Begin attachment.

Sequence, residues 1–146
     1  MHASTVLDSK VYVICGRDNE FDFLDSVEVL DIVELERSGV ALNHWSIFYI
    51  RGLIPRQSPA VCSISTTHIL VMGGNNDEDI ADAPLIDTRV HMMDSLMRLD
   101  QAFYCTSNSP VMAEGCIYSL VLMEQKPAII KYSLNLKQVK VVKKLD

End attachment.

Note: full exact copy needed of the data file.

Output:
Sequence, residues 1–146
     1  MHASTVLDSK VYVICGRDNE FDFLDSVEVL DIVELERSGV ALNHWSIFYI
    51  RGLIPRQSPA VCSISTTHIL VMGGNNDEDI ADAPLIDTRV HMMDSLMRLD
   101  QAFYCTSNSP VMAEGCIYSL VLMEQKPAII KYSLNLKQVK VVKKLD